$$1 + \sum_{j=1}^{n} j!j$$

I want to find a formula for the above and then prove it by induction. The answer according to Wolfram is $(n+1)!-1$, however I have no idea how to get there. Any hints or ideas on how I should tackle this one?


marked as duplicate by user147263, rogerl, vociferous_rutabaga, J. W. Perry, Jack D'Aurizio Oct 11 '14 at 23:49

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This is a simple induction. Use $(n+1)! = (n+1) \cdot n! = n\cdot n! + n!$.

Added: I don't see any better way than to play around with the formula. Rearrange this and you have $j \cdot j! = (j+1)! - j!$. But then you have \begin{align*} \sum_{j=1}^{n} j \cdot j! & = \sum_{j=1}^{n} [ (j+1)! - j!] \\ & = [2! - 1!] + [3! - 2!] + \cdots + [n! - (n-1)!] + [(n+1)! - n!] \end{align*} and you see that everything cancels, except the terms $- 1!$ from the first summand and $(n+1)!$ from the last summand, hence the sum must be equal to $(n+1)! - 1$.

Edit 2

Here's the argument: We want to prove that the following statement $T(n)$ holds for all $n \in \mathbb{N}$: \[ (n+1)! - 1 = \sum_{j=1}^{n} j \cdot j!. \] For $n = 1$ we have the statement $T(1)$: \[ 1 = (1+1)! - 1 = \sum_{j=1}^{1} j \cdot j! = 1\cdot 1! = 1, \] so this is ok. Assume that $T(n)$ holds. We want to prove $T(n+1)$: \[ (n+2)! - 1 = \sum_{j=1}^{n+1} j \cdot j!. \] Start with the right hand side: \[ \sum_{j=1}^{n+1} j \cdot j! = (n+1)\cdot (n+1)! + \sum_{j=1}^{n} j \cdot j! \] But the last sum is equal to $(n+1)! - 1$ by our assumption that $T(n)$ is true, so \begin{align*} \sum_{j=1}^{n+1} j \cdot j! & = (n+1)\cdot (n+1)! + (n+1)! - 1 \\ & = [(n+1) + 1]\cdot(n+1)! - 1 = (n+2) \cdot (n+1)! - 1\\ & = (n+2)! - 1, \end{align*} so $T(n+1)$ holds as well.

  • $\begingroup$ Well I havent gotten to the induction part yet. First I need to find a formula for it. I have the answer, but I dont have the steps. I need to know how to do it on my own.. $\endgroup$ – Snowman Jan 22 '11 at 22:58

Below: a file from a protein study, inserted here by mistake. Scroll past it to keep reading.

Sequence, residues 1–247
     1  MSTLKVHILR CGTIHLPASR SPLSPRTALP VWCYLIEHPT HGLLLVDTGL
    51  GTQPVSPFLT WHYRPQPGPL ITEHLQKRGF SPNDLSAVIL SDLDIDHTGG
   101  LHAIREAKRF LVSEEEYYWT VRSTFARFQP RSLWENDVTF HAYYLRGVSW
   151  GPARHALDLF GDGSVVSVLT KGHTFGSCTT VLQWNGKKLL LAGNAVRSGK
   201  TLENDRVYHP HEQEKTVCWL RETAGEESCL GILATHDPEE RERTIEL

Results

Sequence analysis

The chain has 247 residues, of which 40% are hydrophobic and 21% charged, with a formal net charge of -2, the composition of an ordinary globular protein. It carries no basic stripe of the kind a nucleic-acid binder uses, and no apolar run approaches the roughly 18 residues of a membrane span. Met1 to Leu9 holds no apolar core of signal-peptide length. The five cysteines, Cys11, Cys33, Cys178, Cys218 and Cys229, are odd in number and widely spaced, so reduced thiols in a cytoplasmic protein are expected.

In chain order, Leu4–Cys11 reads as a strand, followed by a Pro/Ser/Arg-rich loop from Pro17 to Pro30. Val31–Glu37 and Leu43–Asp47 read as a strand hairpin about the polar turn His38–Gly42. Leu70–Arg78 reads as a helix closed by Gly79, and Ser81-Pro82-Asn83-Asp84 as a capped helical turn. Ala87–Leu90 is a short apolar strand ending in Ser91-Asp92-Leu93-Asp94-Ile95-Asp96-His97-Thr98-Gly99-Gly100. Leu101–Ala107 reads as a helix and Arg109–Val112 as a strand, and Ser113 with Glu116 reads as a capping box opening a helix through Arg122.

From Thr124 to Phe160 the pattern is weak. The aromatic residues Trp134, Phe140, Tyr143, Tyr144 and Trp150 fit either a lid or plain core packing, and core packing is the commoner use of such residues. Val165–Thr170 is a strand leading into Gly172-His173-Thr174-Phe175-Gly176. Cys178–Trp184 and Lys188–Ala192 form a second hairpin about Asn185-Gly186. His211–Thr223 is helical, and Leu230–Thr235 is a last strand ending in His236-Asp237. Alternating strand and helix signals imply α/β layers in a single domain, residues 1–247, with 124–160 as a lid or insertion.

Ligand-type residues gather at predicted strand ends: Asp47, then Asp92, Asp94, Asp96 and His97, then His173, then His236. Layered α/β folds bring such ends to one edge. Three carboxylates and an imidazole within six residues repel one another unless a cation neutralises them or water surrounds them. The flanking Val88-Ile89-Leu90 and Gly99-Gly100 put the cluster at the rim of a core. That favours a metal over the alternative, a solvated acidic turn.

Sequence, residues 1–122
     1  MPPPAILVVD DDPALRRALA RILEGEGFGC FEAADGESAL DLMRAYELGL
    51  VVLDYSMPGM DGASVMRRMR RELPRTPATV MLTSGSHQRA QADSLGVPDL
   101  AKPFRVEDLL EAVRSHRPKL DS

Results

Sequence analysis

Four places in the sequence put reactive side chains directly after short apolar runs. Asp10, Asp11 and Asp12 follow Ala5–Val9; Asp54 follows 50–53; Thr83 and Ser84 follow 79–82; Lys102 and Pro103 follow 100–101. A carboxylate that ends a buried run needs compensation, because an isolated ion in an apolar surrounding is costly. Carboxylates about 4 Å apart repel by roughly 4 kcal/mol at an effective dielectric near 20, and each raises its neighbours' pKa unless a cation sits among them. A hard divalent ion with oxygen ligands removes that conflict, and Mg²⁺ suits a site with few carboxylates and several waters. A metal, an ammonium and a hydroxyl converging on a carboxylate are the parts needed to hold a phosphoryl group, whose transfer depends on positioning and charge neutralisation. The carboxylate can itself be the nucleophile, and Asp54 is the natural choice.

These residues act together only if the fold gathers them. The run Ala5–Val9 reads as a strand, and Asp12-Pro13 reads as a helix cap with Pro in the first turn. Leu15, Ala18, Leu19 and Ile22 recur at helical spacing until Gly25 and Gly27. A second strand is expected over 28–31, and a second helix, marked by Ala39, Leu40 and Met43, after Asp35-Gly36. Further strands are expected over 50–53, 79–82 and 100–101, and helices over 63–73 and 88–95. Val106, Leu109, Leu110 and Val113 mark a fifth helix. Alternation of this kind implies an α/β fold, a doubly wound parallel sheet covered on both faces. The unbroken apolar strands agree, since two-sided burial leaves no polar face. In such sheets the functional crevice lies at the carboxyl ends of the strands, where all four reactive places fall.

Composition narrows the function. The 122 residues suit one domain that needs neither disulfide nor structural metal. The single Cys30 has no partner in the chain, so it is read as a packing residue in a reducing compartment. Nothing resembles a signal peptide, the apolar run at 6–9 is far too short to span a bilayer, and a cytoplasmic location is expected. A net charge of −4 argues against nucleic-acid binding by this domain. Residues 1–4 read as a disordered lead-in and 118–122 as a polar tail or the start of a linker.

• $\begingroup$ How did you figure that $j*j!=(j+1)!-j!$ ? $\endgroup$ – Snowman Jan 22 '11 at 23:15
  • $\begingroup$ @mohabitar: I don't really know. I played around with the factorials. From my first line: $(j+1)! = j \cdot j! + j!$ and hence $j \cdot j! = (j+1)! - j!$. $\endgroup$ – t.b. Jan 22 '11 at 23:29
  • $\begingroup$ @Theo so now that we have the formula, I dont get how we prove it by induction. So we say that T(n)=(n+1)! (get rid of the -1 since the original problem had a +1 after the summation). So then we need to show that T(n+1)=(n+2)! ? I dont get how I would prove that.. $\endgroup$ – Snowman Jan 23 '11 at 0:29
  • $\begingroup$ @mohabitar: Don't get rid of the $-1$! We have \begin{align*} (n+2)! - 1 = (n+1)\cdot (n+1)! + ((n+1)! - 1) = (n+1)\cdot (n+1)! + \cdots \end{align*} where you fill in the $\cdots$ using the induction hypothesis! $\endgroup$ – t.b. Jan 23 '11 at 0:32

There is a nice interpretation of this identity in terms of uniqueness of representation in factorial base. But to answer your comment to Theo Buehler's answer, telescoping sequences are just a thing that you should be aware of and try to look for, and the identity Theo used is actually equivalent to what Wolfram told you, so...

  • $\begingroup$ Thanks for that, I was sure you'd have a good explanation for the identity! $\endgroup$ – t.b. Jan 22 '11 at 23:54

It looks like you have a closed form already. If you want to derive it rather than get it from an oracle, Gosper's algorithm will do the job.

  • $\begingroup$ Or rather the instructions were to find a formula. Not sure if that means the same thing.. $\endgroup$ – Snowman Jan 22 '11 at 22:57

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